Featured Research

from universities, journals, and other organizations

Hotter might be better at energy-intensive data centers

Date:
September 25, 2012
Source:
University of Toronto Scarborough
Summary:
New research examines the issue of temperature management in data centers, and suggests that allowing warmer temperatures than are normally recommended might be justifiable.

As data centres continue to come under scrutiny for the amount of energy they use, researchers at University of Toronto Scarborough (UTSC) have a suggestion: turn the air conditioning down.

Related Articles


"We see our results as strong evidence that most organizations could run their data centers hotter than they currently are without making significant sacrifices in system reliability," says Bianca Schroeder, a UTSC assistant professor of computer science.

As data centres have proliferated they have required more energy, accounting now for about 1 percent of global electricity usage. A sizeable fraction of that is the cooling necessary to keep the machinery functioning properly.

But in a paper called Temperature Management in Data Centers: Why Some (Might) Like It Hot, Schroeder and her UTSC colleagues found that warmer temperatures than are normally recommended might be able to save energy without negatively impacting equipment reliability and longevity.

Data centres typically operate at temperatures from 20C to 22C. Estimates show that just 1 degree increase in temperature could save 2 to 5 percent of the energy the centres consume. Schroeder says that most data centres could probably increase temperatures much more than that.

To conduct the study, the researchers collected data from data centres run by Google, Los Alamos National Labs, and others. They also directly tested the effect of temperature on equipment performance in their lab. Their data showed that higher temperatures either weren't associated with negative effects on the equipment, or else the negative effects were smaller than predicted.


Story Source:

The above story is based on materials provided by University of Toronto Scarborough. Note: Materials may be edited for content and length.


Journal Reference:

  1. Nosayba El-Sayed, Ioan A. Stefanovici, George Amvrosiadis, Andy A. Hwang, Bianca Schroeder. Temperature management in data centers. SIGMETRICS '12 Proceedings of the 12th ACM SIGMETRICS/PERFORMANCE joint international conference on Measurement and Modeling of Computer Systems, 2012 DOI: 10.1145/2254756.2254778

Cite This Page:

University of Toronto Scarborough. "Hotter might be better at energy-intensive data centers." ScienceDaily. ScienceDaily, 25 September 2012. <www.sciencedaily.com/releases/2012/09/120925143759.htm>.
University of Toronto Scarborough. (2012, September 25). Hotter might be better at energy-intensive data centers. ScienceDaily. Retrieved January 27, 2015 from www.sciencedaily.com/releases/2012/09/120925143759.htm
University of Toronto Scarborough. "Hotter might be better at energy-intensive data centers." ScienceDaily. www.sciencedaily.com/releases/2012/09/120925143759.htm (accessed January 27, 2015).

Share This


More From ScienceDaily



More Computers & Math News

Tuesday, January 27, 2015

Featured Research

from universities, journals, and other organizations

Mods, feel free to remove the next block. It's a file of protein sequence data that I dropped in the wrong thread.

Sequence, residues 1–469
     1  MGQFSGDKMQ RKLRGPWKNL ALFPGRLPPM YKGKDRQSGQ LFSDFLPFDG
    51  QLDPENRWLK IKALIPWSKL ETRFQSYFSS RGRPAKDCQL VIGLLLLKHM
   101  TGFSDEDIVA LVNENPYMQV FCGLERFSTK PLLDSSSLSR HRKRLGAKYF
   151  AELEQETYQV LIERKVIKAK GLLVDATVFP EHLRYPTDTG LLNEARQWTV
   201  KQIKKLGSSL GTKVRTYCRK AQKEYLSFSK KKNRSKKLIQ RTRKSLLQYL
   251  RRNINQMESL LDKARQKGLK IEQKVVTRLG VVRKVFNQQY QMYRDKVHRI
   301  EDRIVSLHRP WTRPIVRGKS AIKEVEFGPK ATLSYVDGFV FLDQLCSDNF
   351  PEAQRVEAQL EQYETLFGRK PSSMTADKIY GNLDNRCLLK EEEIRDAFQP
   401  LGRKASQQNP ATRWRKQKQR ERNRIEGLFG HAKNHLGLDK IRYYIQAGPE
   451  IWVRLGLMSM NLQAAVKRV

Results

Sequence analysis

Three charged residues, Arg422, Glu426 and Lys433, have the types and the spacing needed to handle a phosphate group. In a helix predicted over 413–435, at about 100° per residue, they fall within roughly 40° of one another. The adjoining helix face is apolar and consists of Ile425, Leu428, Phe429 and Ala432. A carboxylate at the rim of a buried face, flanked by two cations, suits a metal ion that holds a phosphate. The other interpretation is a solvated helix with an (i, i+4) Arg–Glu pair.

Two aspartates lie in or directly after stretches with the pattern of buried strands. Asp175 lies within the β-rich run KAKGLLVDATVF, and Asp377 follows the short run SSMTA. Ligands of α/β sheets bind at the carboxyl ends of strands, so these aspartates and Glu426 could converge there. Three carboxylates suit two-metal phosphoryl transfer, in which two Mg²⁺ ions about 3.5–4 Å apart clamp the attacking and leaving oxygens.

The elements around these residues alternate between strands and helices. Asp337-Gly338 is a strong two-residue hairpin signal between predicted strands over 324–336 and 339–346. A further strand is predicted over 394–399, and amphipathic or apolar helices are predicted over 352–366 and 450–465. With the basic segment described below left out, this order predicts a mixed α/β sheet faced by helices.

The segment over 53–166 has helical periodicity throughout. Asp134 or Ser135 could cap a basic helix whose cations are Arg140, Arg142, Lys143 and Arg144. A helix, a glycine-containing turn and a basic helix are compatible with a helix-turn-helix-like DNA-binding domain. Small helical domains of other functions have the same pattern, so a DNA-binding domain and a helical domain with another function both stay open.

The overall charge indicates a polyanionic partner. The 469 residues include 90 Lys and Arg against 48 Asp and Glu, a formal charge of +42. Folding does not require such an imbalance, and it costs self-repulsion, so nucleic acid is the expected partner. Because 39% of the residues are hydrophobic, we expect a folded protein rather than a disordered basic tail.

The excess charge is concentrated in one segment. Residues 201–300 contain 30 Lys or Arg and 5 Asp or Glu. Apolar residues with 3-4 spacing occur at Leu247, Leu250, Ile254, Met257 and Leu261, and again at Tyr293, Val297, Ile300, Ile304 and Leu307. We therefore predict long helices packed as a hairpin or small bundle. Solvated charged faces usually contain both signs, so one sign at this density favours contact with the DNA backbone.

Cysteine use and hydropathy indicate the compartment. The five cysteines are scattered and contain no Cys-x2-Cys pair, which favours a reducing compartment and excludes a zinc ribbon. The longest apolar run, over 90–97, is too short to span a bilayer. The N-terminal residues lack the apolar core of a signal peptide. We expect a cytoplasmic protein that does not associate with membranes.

Featured Videos

from AP, Reuters, AFP, and other news services

Cablevision Enters Wi-Fi Phone Fray

Cablevision Enters Wi-Fi Phone Fray

Reuters - Business Video Online (Jan. 26, 2015) The entry by Cablevision and Google could intensify the already heated price wars for mobile phone service. Fred Katayama reports. Video provided by Reuters
Powered by NewsLook.com
Hector the Robot Mimics a Giant Stick Insect

Hector the Robot Mimics a Giant Stick Insect

Reuters - Innovations Video Online (Jan. 26, 2015) A robot based on a stick insect can navigate difficult terrain autonomously and adapt to its surroundings. Tara Cleary reports. Video provided by Reuters
Powered by NewsLook.com
Scientists Model Flying, Walking Drone After Vampire Bats

Scientists Model Flying, Walking Drone After Vampire Bats

Buzz60 (Jan. 26, 2015) Swiss scientists build a new drone that can both fly and walk, modeling it after the movements of common vampire bats. Jen Markham (@jenmarkham) has the story. Video provided by Buzz60
Powered by NewsLook.com
Malaysia Airlines Hack: Lizard Squad, ISIS Involved?

Malaysia Airlines Hack: Lizard Squad, ISIS Involved?

Newsy (Jan. 26, 2015) Malaysia Airlines on Sunday experienced website outages and what appeared to be an attack by hacker group Lizard Squad. Video provided by Newsy
Powered by NewsLook.com

Search ScienceDaily

Number of stories in archives: 140,361

Find with keyword(s):
Enter a keyword or phrase to search ScienceDaily for related topics and research stories.

Save/Print:
Share:

Breaking News:

Strange & Offbeat Stories


Space & Time

Matter & Energy

Computers & Math

In Other News

... from NewsDaily.com

Science News

    Health News

      Environment News

        Technology News



          Save/Print:
          Share:

          Free Subscriptions


          Get the latest science news with ScienceDaily's free email newsletters, updated daily and weekly. Or view hourly updated newsfeeds in your RSS reader:

          Get Social & Mobile


          Keep up to date with the latest news from ScienceDaily via social networks and mobile apps:

          Have Feedback?


          Tell us what you think of ScienceDaily -- we welcome both positive and negative comments. Have any problems using the site? Questions?
          Mobile: iPhone Android Web
          Follow: Facebook Twitter Google+
          Subscribe: RSS Feeds Email Newsletters
          Latest Headlines Health & Medicine Mind & Brain Space & Time Matter & Energy Computers & Math Plants & Animals Earth & Climate Fossils & Ruins